One of the most defining instruments in the performance was the saxophone. Even Iglesias remarked, “If I played the saxophone like you, I would invite all my girlfriends to bed and play for them.”
Iglesias is so natural on stage that one can’t help but think it is second-nature for him. The entire performance seemed like it was improvised, yet it flowed so smoothly and seamlessly.
Iglesias might have surprised some with his exit. After an hour and a half, he walked off stage, the band finished, and the lights turned on. That was the end of that.
In the world of subjectivity, art reigns supreme. The very definition is slippery, hard to tack down. Perhaps it’s not too bold to claim that most well-done art tells a story. It makes you think and, regardless of the opinion you form of it, leaves its impression just by doing so. It can crash down on you the moment you experience it and still subtly seep in on the drive home. It keeps leaving something to contemplate.
The Alvin Ailey Dance Company left about 1,400 people in The Times Union Center’s Moran Theater with plenty to chew on after its one-night performance Feb. 25.
Their show opened with “Home,” an urban contemporary piece. This, like the other three choreographies of the evening, told its own unique story. It opened with a single light cascading down from the top of the stage. The entire company stood in abstract, some contorted, positions. Their collective shape was a thing of art in its own right against the cool palette of teal and purple on the backdrop screen. The soundtrack began with a timid thump like a heartbeat, the dancers flawlessly matching its intensity as the beat grew and morphed and became more present. The initial, controlled imitation of slow motion and discovery of their surroundings grew and soon dancers were sprinting and jumping and pirouetting across the stage.
The momentum slowly winded down until the company, all except one dancer, was back into standing into one group. That one dancer turned over his shoulder, addressed the audience with a glance, and as he returned back into the rest of the company, the group gave a sudden, gasping inhale and the lights went out.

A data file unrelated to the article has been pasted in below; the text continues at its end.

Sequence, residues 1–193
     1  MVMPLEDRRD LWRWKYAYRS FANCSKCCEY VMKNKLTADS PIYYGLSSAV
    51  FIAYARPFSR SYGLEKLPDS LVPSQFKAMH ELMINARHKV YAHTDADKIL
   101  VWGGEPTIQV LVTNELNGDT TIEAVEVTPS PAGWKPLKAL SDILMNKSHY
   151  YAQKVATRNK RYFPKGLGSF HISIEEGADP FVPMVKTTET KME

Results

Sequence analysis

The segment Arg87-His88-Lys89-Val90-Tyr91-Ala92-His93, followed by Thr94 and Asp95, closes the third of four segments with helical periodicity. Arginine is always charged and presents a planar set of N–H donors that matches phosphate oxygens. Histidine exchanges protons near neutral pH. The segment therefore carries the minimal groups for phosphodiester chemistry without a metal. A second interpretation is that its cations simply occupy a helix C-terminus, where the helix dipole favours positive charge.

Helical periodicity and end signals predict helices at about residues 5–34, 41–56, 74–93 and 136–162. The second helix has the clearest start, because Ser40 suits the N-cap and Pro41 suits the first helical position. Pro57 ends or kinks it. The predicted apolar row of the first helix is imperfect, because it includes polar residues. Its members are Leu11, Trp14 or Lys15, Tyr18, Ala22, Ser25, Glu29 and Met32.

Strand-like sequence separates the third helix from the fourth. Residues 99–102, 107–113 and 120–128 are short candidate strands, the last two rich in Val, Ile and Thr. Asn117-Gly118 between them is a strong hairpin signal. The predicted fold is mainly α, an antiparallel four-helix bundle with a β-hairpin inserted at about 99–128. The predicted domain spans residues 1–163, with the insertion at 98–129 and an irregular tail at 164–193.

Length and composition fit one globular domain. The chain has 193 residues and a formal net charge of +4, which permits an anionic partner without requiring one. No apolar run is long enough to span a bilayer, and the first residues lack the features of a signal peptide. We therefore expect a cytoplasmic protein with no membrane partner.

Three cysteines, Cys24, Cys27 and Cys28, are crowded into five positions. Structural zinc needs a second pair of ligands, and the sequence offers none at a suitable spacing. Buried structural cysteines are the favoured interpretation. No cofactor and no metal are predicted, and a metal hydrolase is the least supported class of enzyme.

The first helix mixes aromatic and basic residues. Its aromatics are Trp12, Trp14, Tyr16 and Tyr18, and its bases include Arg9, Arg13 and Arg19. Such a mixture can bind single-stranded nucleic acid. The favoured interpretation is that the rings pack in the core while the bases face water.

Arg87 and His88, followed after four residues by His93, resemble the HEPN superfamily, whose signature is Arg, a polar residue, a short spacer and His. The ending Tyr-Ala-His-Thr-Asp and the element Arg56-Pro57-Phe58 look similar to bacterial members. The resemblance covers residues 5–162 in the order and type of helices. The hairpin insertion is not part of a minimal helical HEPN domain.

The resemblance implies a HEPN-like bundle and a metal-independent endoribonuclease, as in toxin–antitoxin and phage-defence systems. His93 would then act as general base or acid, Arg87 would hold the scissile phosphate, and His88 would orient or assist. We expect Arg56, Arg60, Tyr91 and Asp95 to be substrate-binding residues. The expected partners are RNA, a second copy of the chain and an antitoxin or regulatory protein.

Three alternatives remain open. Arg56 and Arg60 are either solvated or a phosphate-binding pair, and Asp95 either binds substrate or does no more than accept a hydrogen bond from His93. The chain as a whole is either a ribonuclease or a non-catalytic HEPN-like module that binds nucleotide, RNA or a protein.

Like that last breath, the company used sound very sparingly and effectively. Each dancer was incredibly composed and light on their feet. Aside from the backing track, most of their highly athletic jumps and maneuvers were executed with complete silence. When they did make a sound, it was there for a reason. It served a purpose in the …
It’s easy to see when somebody loves what they’re doing. It’s plain as day to spot and nearly impossible to imitate. They could repeat it every day and night for years and still their eyes will light up and they’ll look like a kid who just surprised themselves, learning how to do some exciting new thing.
Five decades into an illustrious career, Tommy Emmanuel still loves playing the guitar. That was clear for his audience on the opening night of his two-day performance with Martin Taylor at the Ponte Vedra Concert Hall on Feb. 20, because he’s damn good at it.
The duo draws a motley crowd — a near-even mix of Van Halen-era tour tees and double-starched collars. Of snarled manes and wispy greys. When Emmanuel picked up the guitar, the reason behind the dichotomy became clear.
The man can shred the cheese. He’ll out-solo the best of ‘em, and then just keep going until he feels like doing something else, giving the audience his self-assured wink-and-nod service the entire time. Still, there’s a sophistication to his playing. Ten fingers conduct their six-stringed orchestra, coaxing an eclectic array of textures and moods and percussions out of one instrument. It looks like a parlor trick, and he’s very aware of that, making extraneous, often humorous moves with his hands as bedroom rock-stars young and old study the master’s every move, hoping to witness his secret.
The secret is, there is no secret. It’s apparent from the ear-to-ear grin and the way he struts about the stage that he’s simply a big kid playing with his toys — he's just been playing with them a whole lot for a quite a long time.
The show is nearly all guitar-driven, though Emmanuel does chime in with his Australian take on a honky-tonk drawl for a few verses of “Deep River Blues.” When he does sing, it takes a backseat to his playing and when he doesn’t, you don’t really miss it — and that’s not a knock against his voice. Like classical music, …